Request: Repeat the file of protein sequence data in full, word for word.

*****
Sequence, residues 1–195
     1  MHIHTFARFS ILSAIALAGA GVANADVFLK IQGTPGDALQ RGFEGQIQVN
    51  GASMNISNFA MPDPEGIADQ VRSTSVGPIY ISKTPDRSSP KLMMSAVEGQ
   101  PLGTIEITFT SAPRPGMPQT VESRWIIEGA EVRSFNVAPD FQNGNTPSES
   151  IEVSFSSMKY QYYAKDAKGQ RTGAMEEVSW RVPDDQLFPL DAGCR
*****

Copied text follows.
Sequence, residues 1–195
     1  MHIHTFARFS ILSAIALAGA GVANADVFLK IQGTPGDALQ RGFEGQIQVN
    51  GASMNISNFA MPDPEGIADQ VRSTSVGPIY ISKTPDRSSP KLMMSAVEGQ
   101  PLGTIEITFT SAPRPGMPQT VESRWIIEGA EVRSFNVAPD FQNGNTPSES
   151  IEVSFSSMKY QYYAKDAKGQ RTGAMEEVSW RVPDDQLFPL DAGCR